Monimoto Motorcycle Tracker long term review
News of a special offer for Monimoto motorcycle tracker buyers comes as we review the wire-free system after nine months’ use.
We’ve had a Monimoto Motorcycle Tracker on test for around nine months and have been generally so impressed we decided to protect a second bike with the wire-free system. There is still something we’d like to see updated though…
As a reminder, the Monimoto system is a standalone unit that doesn’t require wiring into a bike’s loom. Once triggered by an unauthorised movement, the bike’s owner can track the motorcycle’s location with regular updates via a smartphone app.
The system, a GPS-enabled unit on the bike that needs a Bluetooth fob to be present, is simple to fit, easy-to-use and is fantastic value compared to alternative systems.
As we outlined in the original review, the only real issue we had is with the app, which we felt to be poorly designed for the user. Specifically, we felt the approach to the way the system can be disabled – if you need to leave the bike with a garage for servicing, for example – was quite clumsy.
News of a special offer from Monimoto coincided with the loss of the key fob, ironically after a service, which meant every time the bike moved we got a phone call, then a series of app alerts, giving the bike’s location. This is great for peace-of-mind but less so when, to stop the alerts, you need to stop the bike to disable the system.
Despite a number of updates to the app that have included improvements to battery life and the ability to track the bike more frequently, the’ Send Monimoto to sleep’ functionality is the app’s Achille’s heel.
When the alarm is triggered, you have the option to suspend the alerts for either one, five or 24 hours. But you can’t suspend the system for just a couple of hours or for a specific period. Travelling through France for up to 10 hours in the saddle (the £3 monthly SIM card subscription offers full European coverage by the way), we could only choose between one and five hours. We then had to wait for the call of doom to come over the intercom because we didn’t want to leave the bike in an unprotected mode for the other setting, 24 hours, knowing it was going to be left in an open car park overnight.
The solution really is simple: let the user choose how long they want to put the system into sleep mode. In a former life, I ran an app development company so I know the functionality is straightforward to build into the app, with relatively minor changes to the interface. So come on Monimoto, give us more control over the sleep mode setting so we don’t need to ride along dreading the next series of alerts.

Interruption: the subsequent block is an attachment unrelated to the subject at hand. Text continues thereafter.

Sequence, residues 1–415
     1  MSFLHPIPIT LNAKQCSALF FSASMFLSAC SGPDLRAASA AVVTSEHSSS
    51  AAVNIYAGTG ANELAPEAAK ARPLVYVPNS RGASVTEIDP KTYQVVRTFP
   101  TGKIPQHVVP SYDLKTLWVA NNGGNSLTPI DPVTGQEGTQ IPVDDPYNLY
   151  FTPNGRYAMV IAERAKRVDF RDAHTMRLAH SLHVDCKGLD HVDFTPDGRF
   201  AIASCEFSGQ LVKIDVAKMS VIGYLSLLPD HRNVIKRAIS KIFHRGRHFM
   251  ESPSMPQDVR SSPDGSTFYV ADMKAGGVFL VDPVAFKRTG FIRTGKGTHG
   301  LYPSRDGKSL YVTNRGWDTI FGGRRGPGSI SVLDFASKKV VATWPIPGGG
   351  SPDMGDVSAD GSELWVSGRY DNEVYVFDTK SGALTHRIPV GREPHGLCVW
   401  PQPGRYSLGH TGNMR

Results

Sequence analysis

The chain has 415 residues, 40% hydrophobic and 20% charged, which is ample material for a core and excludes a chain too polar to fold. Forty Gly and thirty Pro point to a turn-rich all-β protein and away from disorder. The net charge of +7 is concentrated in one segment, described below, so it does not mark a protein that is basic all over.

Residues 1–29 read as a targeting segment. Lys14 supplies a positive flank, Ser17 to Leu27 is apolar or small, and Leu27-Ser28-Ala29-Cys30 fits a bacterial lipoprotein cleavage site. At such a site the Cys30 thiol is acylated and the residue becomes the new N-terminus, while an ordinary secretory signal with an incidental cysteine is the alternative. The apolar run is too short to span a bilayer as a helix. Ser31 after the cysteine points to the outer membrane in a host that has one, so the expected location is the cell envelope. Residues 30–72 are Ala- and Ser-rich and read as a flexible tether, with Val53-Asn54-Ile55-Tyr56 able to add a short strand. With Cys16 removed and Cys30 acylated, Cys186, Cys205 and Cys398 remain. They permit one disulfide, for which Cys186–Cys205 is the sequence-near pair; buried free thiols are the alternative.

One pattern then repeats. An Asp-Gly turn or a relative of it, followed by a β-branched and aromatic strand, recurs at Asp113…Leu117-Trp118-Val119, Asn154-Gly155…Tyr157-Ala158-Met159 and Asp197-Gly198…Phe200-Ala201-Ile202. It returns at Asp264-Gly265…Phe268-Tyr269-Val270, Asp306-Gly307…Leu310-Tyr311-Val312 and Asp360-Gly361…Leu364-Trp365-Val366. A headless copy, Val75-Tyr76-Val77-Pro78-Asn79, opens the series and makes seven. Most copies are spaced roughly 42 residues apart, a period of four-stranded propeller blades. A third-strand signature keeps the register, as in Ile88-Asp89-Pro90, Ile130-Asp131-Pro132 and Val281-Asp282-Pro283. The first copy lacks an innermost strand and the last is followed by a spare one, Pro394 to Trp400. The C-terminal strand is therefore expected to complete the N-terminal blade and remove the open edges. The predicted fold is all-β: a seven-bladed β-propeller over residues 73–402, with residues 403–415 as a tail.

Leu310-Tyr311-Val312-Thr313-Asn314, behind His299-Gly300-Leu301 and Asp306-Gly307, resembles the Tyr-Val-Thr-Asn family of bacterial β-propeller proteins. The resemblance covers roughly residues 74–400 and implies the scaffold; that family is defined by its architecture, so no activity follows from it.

Despite leaving a highly covetable Speed Triple R in a French hotel car park, with only a disc alarm as visible protection, I didn’t need to worry about finding an empty parking space the next morning. The bike was out of sight and out of earshot, but my phone was always by my side. So if the bike was moved, I’d know within the minute, and I’d know exactly where it was being taken to.
A new fob has been ordered and, aside from this annoyance, the system has worked exactly as it should. We had to replace the batteries on one of the GPS devices we have simply because we had been testing so intensively. We’ll keep an eye on battery usage now we have two devices that are being used as a regular owner would use them.
Would we still recommend the Monimoto Motorcycle Tracker? Absolutely. As we said in the original article, for owners that can’t have a system linked to their bike’s battery for whatever reason, Monimoto is ideal. As part of a layered approach to protecting your bike it helps give further peace-of-mind.
Nine months down the line, Monimoto is still highly recommended. But please do something about that app, guys.
From 1st September for a limited period Monimoto is available with a free Luma Enduro 73 midi disc lock, worth £19.99, from selected retailers including Ghost Bikes, Chainspeed, Sportsbikeshop, Infinity Motorcycles and Urban Rider.